Author Archive | Isaac Land

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The Coastal History Blog

Blog 36: Sea Blindness, or Ocean Optimism?  (Part 1 of 3) The average Briton is unaware that 95% of the goods they buy arrived on a ship.  When asked to name a “well-known British maritime personality,” most respondents said, “Captain Jack Sparrow.”  These results are set forth by the Maritime Foundation as evidence of sea […]

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Akrotiri’s “Dolphin”Taverna, not far from the ruins. Photo: Isaac Land

The Coastal History Blog

Blog 35: A Cosmopolitan Bronze Age Port? In Mediterranean studies, does the cosmopolitan port town rank alongside “sun and sea… olives and myrtle… the commonplaces pervading the literature, all description and repetition”?[1] Articles with titles like “Cosmopolitanism Reconsidered” and “The Cosmopolitan Mediterranean: Myth and Reality” have raised doubts about the whole project.[2] It’s one thing […]

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The Coastal History Blog

Blog 34: A Pacific Blackbirding Narrative To kick off 2016 on the best possible note, here is the Coastal History blog’s fourth guest post, grounded firmly in the Southern Hemisphere. I was in Sydney for a conference a few years back and left very impressed with the nearly ubiquitous signposting and commemoration of the Aboriginal […]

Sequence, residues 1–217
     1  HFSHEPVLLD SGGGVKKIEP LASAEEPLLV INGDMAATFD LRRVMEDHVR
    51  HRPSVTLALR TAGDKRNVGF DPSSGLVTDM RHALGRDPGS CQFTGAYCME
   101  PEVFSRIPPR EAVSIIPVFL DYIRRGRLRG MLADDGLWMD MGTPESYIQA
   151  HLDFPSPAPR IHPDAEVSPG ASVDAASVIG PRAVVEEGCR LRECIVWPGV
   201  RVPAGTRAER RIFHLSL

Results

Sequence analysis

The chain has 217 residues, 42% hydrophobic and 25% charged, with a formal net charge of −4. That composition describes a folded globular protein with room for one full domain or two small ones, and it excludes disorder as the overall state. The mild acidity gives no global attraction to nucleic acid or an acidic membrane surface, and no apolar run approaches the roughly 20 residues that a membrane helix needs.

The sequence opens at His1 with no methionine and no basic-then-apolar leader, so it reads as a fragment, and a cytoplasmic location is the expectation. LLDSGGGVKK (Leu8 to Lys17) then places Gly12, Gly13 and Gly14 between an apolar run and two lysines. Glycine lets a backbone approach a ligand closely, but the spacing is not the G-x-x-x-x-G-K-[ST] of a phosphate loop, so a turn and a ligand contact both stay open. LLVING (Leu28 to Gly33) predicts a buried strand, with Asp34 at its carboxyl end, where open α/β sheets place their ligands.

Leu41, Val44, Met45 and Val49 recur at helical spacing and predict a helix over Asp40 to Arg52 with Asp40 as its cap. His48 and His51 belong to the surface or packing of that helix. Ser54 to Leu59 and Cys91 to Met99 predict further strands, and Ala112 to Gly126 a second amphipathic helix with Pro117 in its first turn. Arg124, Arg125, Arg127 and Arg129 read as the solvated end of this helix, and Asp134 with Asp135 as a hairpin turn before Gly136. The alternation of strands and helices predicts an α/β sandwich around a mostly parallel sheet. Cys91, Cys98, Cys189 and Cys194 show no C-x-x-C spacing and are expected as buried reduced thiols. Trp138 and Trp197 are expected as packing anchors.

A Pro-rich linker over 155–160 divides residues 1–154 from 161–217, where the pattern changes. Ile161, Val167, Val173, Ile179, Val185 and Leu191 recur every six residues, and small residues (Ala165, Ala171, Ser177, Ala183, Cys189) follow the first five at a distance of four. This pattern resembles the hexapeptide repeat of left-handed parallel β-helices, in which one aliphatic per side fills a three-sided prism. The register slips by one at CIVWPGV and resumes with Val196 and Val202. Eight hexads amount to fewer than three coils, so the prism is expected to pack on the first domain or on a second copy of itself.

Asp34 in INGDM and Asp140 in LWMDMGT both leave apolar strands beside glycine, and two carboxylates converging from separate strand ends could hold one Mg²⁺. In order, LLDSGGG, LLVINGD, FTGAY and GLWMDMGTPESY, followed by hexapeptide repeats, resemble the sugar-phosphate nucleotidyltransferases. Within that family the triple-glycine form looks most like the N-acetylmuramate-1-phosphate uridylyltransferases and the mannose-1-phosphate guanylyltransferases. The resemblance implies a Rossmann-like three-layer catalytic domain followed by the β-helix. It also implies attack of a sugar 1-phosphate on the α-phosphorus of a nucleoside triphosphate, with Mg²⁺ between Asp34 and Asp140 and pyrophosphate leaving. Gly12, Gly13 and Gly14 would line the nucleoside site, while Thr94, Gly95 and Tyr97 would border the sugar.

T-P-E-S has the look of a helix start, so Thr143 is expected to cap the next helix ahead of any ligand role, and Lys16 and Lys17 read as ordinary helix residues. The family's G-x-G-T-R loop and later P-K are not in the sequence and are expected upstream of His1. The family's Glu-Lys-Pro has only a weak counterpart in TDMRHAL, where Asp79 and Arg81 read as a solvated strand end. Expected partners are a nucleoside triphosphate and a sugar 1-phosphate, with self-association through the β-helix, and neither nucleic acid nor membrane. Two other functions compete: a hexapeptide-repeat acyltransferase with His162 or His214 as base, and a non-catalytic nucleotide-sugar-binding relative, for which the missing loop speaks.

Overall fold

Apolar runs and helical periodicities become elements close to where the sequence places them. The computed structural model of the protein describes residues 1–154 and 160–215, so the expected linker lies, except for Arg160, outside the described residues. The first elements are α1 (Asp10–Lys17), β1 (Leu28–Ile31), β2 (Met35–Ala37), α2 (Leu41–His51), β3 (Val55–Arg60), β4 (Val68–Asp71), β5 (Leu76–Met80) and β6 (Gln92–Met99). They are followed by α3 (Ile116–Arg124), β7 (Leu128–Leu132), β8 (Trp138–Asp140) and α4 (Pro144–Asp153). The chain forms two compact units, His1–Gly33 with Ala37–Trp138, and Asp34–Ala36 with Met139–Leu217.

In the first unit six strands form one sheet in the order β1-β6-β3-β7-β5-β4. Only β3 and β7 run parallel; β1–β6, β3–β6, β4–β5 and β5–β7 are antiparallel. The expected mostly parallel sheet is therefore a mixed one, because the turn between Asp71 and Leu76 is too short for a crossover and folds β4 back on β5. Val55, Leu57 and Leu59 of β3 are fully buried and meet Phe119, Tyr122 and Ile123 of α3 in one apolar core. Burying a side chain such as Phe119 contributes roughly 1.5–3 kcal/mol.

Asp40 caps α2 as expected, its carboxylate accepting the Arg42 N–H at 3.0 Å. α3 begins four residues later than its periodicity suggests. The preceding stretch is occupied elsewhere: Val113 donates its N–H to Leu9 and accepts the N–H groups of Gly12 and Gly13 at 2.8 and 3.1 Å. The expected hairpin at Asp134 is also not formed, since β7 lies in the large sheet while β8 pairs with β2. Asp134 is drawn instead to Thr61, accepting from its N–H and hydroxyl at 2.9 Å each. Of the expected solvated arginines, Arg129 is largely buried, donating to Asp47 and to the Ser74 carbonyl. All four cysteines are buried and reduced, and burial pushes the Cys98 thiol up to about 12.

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The Coastal History Blog

Blog 33: Firths and Fjords I’m delighted to introduce the Coastal History blog’s third guest post, by David Worthington, Head of the Centre for History at Scotland’s University of the Highlands and Islands. David has published most widely on British and Irish connections with central Europe in the early modern period, but, in recent years, […]

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The Coastal History Blog

Blog 32 – Two Years of the Coastal History Blog I started this blog in October 2013. I would like to thank the Port Towns and Urban Cultures group for continuing to host it!  It might be a good time to look back and consider the range of themes and topics that have come across […]

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The Coastal History Blog

Blog 31:  “The Intolerant Coast” The Syrian refugee crisis has brought forth a broad humanitarian response and also some thoughtful pieces from historians. On the “refugee or migrant” question, Le Monde interviewed Gérard Noiriel in a conversation that harked back all the way to the sixteenth century.[1] In the Guardian, Mary Beard commented on how […]

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